For once, I am left nearly speechless, with sadness, and with a feeling of overwhelming helplessness over the images we’re all seeing of Haiti, and the stories we’re all hearing. It doesn’t lead one to wax poetic, to be philosophical, or even to know what to say. Such terrible suffering, such incredible devastation, people still trapped, hopefully some left alive, so many dead, the faces of the children, and of the people we see trapped as time for effective relief efforts to save them is running out. Tears run down my face, and surely yours as well, when I see them rescued. My heart goes out to those still waiting for news, or who have already had bad news of their loved ones. And then in sharp contrast, the jubilation of those who have found a loved one alive.
In the era of the immediacy of newscasts, where we see it all happening on our screens, as it actually happens on the scene, we are drawn into the drama with them, and our hearts ache as we watch. We have all seen other natural disasters, the terrible tsunami in Asia that took so many lives a few years ago, Hurricane Katrina. We read of earthquakes in distant countries, and sometimes it’s hard to imagine what it looks like on the scene, what those people must be experiencing and feeling. And this time, we seem so much closer. Like so many others, my family and I have been glued to our TV. It’s hard to stop watching, and to stop thinking about what they are going through.
I can only hope, along with all of you, that all the countries and agencies contributing to the efforts on the ground there, will be able to save the lives of the injured, free as many as they can of those still trapped in the rubble, and feed and treat medically those in such desperate need. And in the meantime, all we can do from so far away is pray and watch. Many, many people have made contributions to relief organizations, but even that probably won’t provide immediate help, as it appears that in the immediate chaos it is difficult to disperse the goods and supplies they want to provide. In time, I’m sure that all of our contributions will provide great help for the people of Haiti, but for now the need appears to be for heavy equipment, highly skilled manpower, medicines, water and food. And as always, with any contribution, you want to be sure that the organizations you are giving to are reliable and will do what they say they will, and are capable of delivering what they promise.
Long term, my hope for Haiti is that the already difficult conditions there before the earthquake will improve as a result of all this help, perhaps to bring them into a condition that is even better than what existed there before the earthquake.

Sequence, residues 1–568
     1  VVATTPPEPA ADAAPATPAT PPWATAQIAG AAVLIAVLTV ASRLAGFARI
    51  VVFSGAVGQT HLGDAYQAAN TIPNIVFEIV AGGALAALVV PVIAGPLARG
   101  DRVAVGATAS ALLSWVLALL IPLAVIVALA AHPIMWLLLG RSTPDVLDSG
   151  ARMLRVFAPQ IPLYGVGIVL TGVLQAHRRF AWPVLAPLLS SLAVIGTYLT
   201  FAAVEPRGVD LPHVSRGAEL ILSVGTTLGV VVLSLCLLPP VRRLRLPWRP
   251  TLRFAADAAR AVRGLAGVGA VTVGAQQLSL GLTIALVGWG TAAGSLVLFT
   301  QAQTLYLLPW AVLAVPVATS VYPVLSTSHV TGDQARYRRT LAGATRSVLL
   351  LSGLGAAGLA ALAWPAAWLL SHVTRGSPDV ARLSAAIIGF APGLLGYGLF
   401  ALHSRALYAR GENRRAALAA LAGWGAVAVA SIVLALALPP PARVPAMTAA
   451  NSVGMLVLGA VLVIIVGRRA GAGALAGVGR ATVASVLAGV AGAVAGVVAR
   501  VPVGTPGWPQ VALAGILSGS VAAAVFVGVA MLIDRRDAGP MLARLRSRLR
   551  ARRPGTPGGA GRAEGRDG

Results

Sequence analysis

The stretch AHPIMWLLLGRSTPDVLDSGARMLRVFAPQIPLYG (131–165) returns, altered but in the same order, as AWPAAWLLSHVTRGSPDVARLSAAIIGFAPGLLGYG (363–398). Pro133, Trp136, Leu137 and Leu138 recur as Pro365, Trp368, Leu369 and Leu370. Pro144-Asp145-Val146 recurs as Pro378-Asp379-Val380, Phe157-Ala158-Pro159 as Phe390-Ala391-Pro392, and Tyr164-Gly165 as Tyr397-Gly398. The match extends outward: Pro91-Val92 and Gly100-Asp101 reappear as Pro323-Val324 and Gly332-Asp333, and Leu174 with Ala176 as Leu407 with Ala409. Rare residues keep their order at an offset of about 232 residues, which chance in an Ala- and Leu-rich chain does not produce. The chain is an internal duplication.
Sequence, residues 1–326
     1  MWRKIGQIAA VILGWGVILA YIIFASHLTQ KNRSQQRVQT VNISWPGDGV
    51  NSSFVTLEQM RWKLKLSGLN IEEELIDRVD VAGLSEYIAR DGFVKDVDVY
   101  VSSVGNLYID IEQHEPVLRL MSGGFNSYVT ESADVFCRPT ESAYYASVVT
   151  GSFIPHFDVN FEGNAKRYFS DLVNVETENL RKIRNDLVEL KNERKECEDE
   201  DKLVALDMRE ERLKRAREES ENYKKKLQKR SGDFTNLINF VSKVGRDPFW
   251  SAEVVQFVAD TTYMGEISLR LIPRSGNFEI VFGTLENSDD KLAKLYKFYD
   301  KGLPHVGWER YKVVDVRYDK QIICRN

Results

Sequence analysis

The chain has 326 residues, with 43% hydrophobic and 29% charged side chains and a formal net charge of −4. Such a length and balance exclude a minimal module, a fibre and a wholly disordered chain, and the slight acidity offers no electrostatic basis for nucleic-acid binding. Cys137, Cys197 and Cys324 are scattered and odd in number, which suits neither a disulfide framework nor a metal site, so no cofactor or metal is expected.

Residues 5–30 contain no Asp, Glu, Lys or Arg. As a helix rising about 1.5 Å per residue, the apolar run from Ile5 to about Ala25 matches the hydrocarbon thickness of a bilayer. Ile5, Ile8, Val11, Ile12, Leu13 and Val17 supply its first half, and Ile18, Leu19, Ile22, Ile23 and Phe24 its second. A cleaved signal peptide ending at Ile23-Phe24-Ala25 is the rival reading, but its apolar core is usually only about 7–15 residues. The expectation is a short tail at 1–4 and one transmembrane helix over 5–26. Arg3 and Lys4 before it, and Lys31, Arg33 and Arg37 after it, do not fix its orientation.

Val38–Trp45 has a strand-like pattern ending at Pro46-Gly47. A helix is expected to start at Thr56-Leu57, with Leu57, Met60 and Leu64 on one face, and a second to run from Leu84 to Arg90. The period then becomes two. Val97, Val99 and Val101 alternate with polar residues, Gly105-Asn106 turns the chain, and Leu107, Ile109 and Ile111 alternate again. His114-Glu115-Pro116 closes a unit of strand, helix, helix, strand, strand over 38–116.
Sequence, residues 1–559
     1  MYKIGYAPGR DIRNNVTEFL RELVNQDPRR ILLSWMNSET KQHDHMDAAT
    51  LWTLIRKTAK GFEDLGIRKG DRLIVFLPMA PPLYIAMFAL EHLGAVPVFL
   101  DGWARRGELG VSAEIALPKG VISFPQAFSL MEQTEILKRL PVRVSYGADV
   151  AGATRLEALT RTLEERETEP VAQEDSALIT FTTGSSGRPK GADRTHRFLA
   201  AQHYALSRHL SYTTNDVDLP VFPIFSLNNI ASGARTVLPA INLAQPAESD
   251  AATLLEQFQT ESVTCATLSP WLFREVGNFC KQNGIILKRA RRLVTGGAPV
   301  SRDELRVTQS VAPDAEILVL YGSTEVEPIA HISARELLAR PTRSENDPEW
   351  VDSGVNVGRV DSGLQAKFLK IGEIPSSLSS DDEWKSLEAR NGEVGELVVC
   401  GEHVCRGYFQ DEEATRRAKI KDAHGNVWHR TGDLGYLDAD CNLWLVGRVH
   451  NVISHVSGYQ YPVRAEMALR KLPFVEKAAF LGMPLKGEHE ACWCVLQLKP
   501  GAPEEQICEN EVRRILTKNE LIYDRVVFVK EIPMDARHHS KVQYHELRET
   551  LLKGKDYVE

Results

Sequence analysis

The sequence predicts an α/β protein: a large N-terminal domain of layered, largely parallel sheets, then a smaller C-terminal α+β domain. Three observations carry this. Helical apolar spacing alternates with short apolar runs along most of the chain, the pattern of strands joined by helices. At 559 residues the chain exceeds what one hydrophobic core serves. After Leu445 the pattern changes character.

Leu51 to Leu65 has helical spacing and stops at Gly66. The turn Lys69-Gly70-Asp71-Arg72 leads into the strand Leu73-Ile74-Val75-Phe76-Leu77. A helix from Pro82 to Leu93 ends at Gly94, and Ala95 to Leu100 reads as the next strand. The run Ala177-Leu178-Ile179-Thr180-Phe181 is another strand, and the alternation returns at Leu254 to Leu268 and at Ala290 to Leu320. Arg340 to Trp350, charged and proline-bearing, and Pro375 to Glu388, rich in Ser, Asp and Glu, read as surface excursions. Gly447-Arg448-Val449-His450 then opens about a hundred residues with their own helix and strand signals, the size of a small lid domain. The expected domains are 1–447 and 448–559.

I join you in all our hopes and prayers for these people, that as many as possible will survive, that they get the help they need as quickly as possible, and that in time the country heals from this terrible grief. And may each of us in our own small way find a way to help, even from so far away. My thoughts and prayers are with them, and I know yours must be too.
Leave a Comment
If you would like to make a comment, please fill out the form below.
My heart breaks too for the people in Haiti. I and so many others are on a tight budget. But if everyone contributed even 10 dollars that could make such a difference. Tragedies like this really put things in perspective.
I think the only thing good that has come out of this horrific tragedy is the human compassion from people all over the world,from every race,religion,creed,colour and nationality. I echo the same sentiments as you, just yesterday I found myself reduced to tears over seeing some of the children that have lost parents,or who have been severely injured as a result of this tragedy and who are in urgent need of medical help. It was heart breaking and heart wrenching to see dead bodies lining the streets, and people looking daunted by the prospect of not knowing what’s going to happen to them next.
Being from Jamaica I feel akin to Haitians as Haiti is only a stones throw away. I would have been devastated beyond words if this had happened in Jamaica. I can only imagine what it feels to be a Haitian right now. It’s made me rethink my future and where I want to live, for a while i’ve had a burning desire to live in San Francisco one day. But now I am thinking perhaps it’s not such a great idea despite how beautiful it is and how suited the climate is to me. I am now too afraid to live anywhere where earthquakes of this magnitude can occur at any given time. Call me chicken but i’m just too scared after seeing the crippling and mind numbing impact it can have.
We are on a ski holiday at Blue Mountain N of Toronto; however not much skiing is getting done since my husband has just discovered Danielle Steele and is on his 8th book in less than two weeks. ‘She spins quite a tale’ and there’s always the unexpected’ he says. I look over and he often has tears running down his face over the plight of some poor woman. It’s funny to me. I’ve been scouring the second hand stores for more DS books to keep him quiet and reading. We are getting too old to ski anyway. He’s 71 and I recently turned 65!!! We too are wondering what’s going to happen in Haiti? Watching the outstretched arms grabbing for food and water, is unbearable. What can we do? Kudos to Clooney for his telethon tomorrow nite. Lets hope there’s still hope for these poor souls. Sometimes we wonder where is God???
Pictures from Haiti are not good Danielle.I believe that all will be in order but man need very long time.Danielle when I see this pictures from Haiti I feel not good.Danielle I think lot of you.When I read books of you I must think of you.Nice greetings from Prague jirka to Danielle.